By Sinéad Walsh
It’s difficult for me to believe; my first year of college is already over. After endless hours of study and stress to get to where I wanted to be, the past year in Galway seems to have flown by in the blink of an eye. A whirlwind of cherished memories, of good and bad days, of learning new things and the life lessons that inevitably come along with my introduction to freedom.
Living Away from Home
I always expected to have this one down to a tee. Since my sister moved out three years ago, I’d imagined what it would be like having my own apartment, housemates and total independence. The idea always excited me, so I fell into step with this quite quickly, ushering my family out on the first day, with the promise that I could manage everything on my own. As apprehensive as I was the first few weeks, preparing myself for some conflict within the walls of 158, it fortunately never arose (despite a few passive aggressive comments about dirty dishes) and I am lucky enough to have found two incredible and lifelong friends.
But living away from home has its own challenges and lessons; there is no one to pick you up from town when you get caught in the rain and are soaked to the skin, there’s no parent to console you when you leave an exam disappointed and deflated, and there’s no dish of steaming curry on the table waiting to warm you from the inside out after a long day. You must remember to pack your own umbrella, to take your own dinner out of the freezer and be your own comforter. Providing for yourself and relying on your own routine can be incredibly liberating, but there can be bad days too.
College Friends are Friends for Life
I recall being told this growing up, that those I would befriend in college would (hopefully) be the ones to someday be at my wedding, the ones who would see me through the very worst and very best and the ones with whom I would make the fondest memories. I found this to be so true, and although I have been fortunate enough to make great friends at home also, there is something strikingly different about those friends I’ve made in college. Suddenly, friendships require much more responsibility, they no longer rely on the convenience of sitting next to someone in the classroom but finding the time to meet up and laugh even when you’re both drowning in assignments. College friendships are built on drunken chats and late-night cups of tea, on long walks in the dark and feverish early mornings. They’re sometimes found in the most unexpected places; the girl you asked for directions from on the first day, chance meetings, mutual friends and sometimes, the sheer good luck of sharing the same apartment.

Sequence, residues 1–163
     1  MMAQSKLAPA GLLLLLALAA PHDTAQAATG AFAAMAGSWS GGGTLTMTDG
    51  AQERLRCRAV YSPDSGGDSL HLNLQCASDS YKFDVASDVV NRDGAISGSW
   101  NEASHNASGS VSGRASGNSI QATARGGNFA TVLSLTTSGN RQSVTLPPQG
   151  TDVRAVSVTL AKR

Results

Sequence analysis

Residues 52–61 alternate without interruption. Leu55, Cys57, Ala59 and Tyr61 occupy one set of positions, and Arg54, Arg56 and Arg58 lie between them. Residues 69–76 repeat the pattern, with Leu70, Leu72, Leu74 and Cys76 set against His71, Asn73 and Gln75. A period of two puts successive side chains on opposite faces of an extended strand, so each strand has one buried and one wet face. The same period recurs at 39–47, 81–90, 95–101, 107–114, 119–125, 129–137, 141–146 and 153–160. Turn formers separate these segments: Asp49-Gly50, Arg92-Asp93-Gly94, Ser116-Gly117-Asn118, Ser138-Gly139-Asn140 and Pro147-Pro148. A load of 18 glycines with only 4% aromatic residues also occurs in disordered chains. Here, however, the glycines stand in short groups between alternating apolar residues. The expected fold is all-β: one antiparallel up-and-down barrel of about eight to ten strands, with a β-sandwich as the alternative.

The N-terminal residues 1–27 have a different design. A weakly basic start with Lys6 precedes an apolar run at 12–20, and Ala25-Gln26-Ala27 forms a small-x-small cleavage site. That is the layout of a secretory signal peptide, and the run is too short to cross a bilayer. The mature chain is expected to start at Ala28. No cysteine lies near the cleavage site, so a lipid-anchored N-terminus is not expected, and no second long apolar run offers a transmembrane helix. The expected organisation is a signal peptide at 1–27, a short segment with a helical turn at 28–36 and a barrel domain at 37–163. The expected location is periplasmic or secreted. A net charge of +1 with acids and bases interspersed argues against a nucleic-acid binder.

In a large college such as NUI Galway, its every square foot brimming with diverse and interesting people, there are often times when you meet and connect with someone one day and may not bump into them again for several weeks. So, I began to learn early on that if I found someone I wanted to stick with, I had to get their Snapchat that first meeting, or risk losing them in the sea of other bubbling freshers’ faces not to re-encounter them for months to come.
For the first time, and possibly only time in your life, you’re surrounded by dozens of people who all have a vested interest in the very same things you do, whether in your course or in clubs and societies; whoever you surround yourself with is likely a reflection of your own interests and this provides you with endless opportunities to connect with people and make friends, you merely have to assemble the courage to strike up that initial conversation.
Balancing college life is less of a two-way struggle and more of a five or six-sided one with each element of your life fighting for your attention; assignments, study, keeping fit, work, friends, family, socialising… it can all be very difficult to manage. Everyone else always seems to have their life more together, more organised than you do, adding increased pressure to your already overflowing agenda. But lesson learned; no one has it completely together. Even those who appear to have their heads firmly wedged in the books year-round can be found drowning their sorrows with a few pints.
I won’t pretend to have mastered this practice even slightly. In fact, I’m probably at the bottom of the league table on this one. But having spent two strenuous years abiding by rigid schedules and crippling workloads, I allowed myself to tip the balance in the other direction this time.
I’m still learning how to get it all right, and probably never will, but hopefully the next few years will bring as precious lessons as this year has and I will continue to grow and use the mistakes of the past as a benchmark.